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Title: Design, fabrication and characterisation of cross compound parabolic concentrators for solar power generation
Author: Al-Shidhani, Mazin
ISNI:       0000 0004 9354 1665
Awarding Body: Cardiff University
Current Institution: Cardiff University
Date of Award: 2020
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Concentrating Photovoltaics (CPV) have the potential to increase the power output and reduce the cost of photovoltaic (PV) systems by replacing expensive PV materials with cheaper optical materials that concentrate the sunlight onto a smaller PV area. This thesis describes a detailed investigation into the design, fabrication and characterisation of Crossed Compound Parabolic Concentrators (CCPC) for photovoltaic application. A set of high-performance CCPCs, which have concentration ratios of 2.9x, 4.0x, 6.0x, 8.3x and 9.0x, respectively, were fabricated using state-of-the-art 3D printing and highly reflective thin-film mirrors. Excellent optical efficiencies from 82.0% to 84.5% were obtained using these concentrators. The angular response of the fabricated concentrators was carried out to provide robust experimental data for the design and optimisation of non-stationary CCPC solar power systems. The experimental results show that the half acceptance angle decreases as the concentration ratio increases, which agrees well with computer simulation using TracePro. The results from a novel rectangular CCPC show that the angular response of the CCPC can be significantly improved with appropriate use of the second reflection, which demonstrates the important role of multiple reflections in the design for highperformance concentrators. The uniformity of light distribution across a PV cell has a significant effect on the power output and stability of the PV cell. It is therefore crucial to ensure the uniformity on the exit aperture of the concentrator. Hence, a systematic study was carried out to determine the appropriate position of the PV cell with reference to the exit aperture of the concentrator. The results show that an optimal position exists for a given concentration ratio, although it varies for different concentration ratios. The optimal value for the concentrators that are investigated in this work ranges from 1.5 mm to 3.0 mm below the exit aperture of the concentrators. A tracking system can be employed to maximise the daily power generation in response to changing positions of the sun during the day. A calculation procedure was developed to determine the minimum tracking movements while obtaining the maximum daily energy production of a CCPC solar power system. The optimal tracking movements for the concentrators investigated in this project were determined using this procedure. The results indicate that a simple and low-cost tracking system is sufficient. Finally, a cost analysis and the potential economic benefit of the developed concentrators are discussed.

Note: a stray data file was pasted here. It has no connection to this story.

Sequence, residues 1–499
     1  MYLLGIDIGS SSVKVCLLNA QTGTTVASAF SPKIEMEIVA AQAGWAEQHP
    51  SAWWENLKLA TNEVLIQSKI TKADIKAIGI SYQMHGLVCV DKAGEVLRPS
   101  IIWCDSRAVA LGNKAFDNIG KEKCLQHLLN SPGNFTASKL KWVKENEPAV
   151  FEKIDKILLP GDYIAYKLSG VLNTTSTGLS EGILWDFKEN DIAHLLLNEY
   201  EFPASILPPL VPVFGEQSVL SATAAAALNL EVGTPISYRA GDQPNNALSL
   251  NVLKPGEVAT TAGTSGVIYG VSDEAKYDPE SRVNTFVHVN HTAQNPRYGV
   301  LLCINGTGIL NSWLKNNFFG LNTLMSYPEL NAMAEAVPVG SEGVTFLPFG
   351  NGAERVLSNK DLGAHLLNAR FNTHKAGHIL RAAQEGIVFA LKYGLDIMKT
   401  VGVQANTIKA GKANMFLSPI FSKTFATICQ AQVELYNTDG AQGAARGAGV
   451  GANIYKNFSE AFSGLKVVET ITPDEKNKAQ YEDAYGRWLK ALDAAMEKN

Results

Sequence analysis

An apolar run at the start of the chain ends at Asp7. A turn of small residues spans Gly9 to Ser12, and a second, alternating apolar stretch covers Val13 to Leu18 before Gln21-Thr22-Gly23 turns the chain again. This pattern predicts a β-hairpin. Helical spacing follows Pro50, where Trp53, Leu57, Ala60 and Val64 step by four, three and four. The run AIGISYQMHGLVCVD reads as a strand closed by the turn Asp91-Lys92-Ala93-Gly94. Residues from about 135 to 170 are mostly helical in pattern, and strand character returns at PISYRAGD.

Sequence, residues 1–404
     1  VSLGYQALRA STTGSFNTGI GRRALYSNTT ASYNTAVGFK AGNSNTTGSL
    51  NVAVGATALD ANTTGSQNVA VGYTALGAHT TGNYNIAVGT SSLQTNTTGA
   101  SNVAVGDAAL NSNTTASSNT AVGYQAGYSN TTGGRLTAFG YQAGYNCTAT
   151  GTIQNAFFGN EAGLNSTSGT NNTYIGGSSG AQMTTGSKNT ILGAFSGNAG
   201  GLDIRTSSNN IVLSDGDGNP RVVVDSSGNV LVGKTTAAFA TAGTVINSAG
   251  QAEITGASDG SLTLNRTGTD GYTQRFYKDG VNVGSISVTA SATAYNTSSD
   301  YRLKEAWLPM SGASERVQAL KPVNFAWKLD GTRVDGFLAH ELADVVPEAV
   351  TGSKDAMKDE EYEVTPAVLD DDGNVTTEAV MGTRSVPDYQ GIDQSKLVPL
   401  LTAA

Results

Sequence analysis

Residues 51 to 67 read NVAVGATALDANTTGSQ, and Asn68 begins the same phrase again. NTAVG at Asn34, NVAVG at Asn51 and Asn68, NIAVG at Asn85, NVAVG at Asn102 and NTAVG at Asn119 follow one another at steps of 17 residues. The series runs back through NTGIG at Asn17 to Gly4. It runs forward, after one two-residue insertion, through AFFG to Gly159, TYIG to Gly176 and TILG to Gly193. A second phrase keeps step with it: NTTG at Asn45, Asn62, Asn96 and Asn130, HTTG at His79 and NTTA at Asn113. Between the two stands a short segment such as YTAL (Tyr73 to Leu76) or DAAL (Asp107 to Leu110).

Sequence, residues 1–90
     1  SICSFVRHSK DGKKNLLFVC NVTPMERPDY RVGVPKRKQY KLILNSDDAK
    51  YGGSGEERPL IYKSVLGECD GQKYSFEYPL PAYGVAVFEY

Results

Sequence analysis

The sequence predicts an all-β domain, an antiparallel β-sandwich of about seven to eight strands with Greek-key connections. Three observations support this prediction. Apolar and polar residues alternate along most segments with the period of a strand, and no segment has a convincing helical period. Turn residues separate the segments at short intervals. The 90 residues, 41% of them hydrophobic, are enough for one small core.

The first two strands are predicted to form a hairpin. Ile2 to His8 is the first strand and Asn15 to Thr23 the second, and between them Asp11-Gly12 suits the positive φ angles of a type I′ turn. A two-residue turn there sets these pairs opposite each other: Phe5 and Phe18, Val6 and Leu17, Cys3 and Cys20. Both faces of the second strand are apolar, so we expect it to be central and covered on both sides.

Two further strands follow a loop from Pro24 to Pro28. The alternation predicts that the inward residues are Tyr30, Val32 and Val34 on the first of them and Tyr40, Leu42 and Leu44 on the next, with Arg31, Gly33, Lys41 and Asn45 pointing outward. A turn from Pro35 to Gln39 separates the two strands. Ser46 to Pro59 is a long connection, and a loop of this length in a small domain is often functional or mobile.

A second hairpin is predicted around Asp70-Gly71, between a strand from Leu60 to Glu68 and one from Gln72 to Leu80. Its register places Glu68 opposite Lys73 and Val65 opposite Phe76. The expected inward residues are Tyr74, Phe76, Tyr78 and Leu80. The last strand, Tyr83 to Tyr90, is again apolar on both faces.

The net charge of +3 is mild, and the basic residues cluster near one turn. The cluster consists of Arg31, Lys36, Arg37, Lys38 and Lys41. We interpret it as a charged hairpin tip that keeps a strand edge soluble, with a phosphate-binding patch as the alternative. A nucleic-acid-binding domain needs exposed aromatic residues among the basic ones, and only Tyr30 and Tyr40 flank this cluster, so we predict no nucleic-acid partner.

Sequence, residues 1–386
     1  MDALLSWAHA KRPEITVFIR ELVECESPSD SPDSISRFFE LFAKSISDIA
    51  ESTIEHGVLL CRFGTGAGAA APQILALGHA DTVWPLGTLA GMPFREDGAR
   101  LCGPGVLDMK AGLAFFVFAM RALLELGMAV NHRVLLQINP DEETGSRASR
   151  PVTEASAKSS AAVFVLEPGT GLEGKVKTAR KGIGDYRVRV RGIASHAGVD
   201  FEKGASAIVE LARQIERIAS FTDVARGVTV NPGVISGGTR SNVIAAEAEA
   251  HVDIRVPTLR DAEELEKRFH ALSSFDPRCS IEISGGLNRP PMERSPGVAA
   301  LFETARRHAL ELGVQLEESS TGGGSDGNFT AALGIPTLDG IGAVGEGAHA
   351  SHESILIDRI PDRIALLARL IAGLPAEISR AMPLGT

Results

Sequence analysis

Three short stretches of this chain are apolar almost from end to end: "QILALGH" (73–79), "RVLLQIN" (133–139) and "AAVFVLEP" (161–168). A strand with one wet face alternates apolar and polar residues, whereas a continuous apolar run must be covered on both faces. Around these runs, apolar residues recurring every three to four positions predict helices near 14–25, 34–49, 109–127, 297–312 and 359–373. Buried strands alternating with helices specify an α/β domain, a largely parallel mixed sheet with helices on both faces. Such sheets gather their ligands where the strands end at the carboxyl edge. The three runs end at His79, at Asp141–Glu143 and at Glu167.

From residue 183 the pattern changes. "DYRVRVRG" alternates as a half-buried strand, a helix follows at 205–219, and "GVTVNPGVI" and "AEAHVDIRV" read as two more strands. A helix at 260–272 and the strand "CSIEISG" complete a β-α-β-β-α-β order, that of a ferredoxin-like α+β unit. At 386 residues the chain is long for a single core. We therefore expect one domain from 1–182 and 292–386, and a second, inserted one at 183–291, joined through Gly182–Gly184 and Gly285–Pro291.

Supervisor: Not available Sponsor: Not available
Qualification Name: Thesis (Ph.D.) Qualification Level: Doctoral
EThOS ID:  DOI: Not available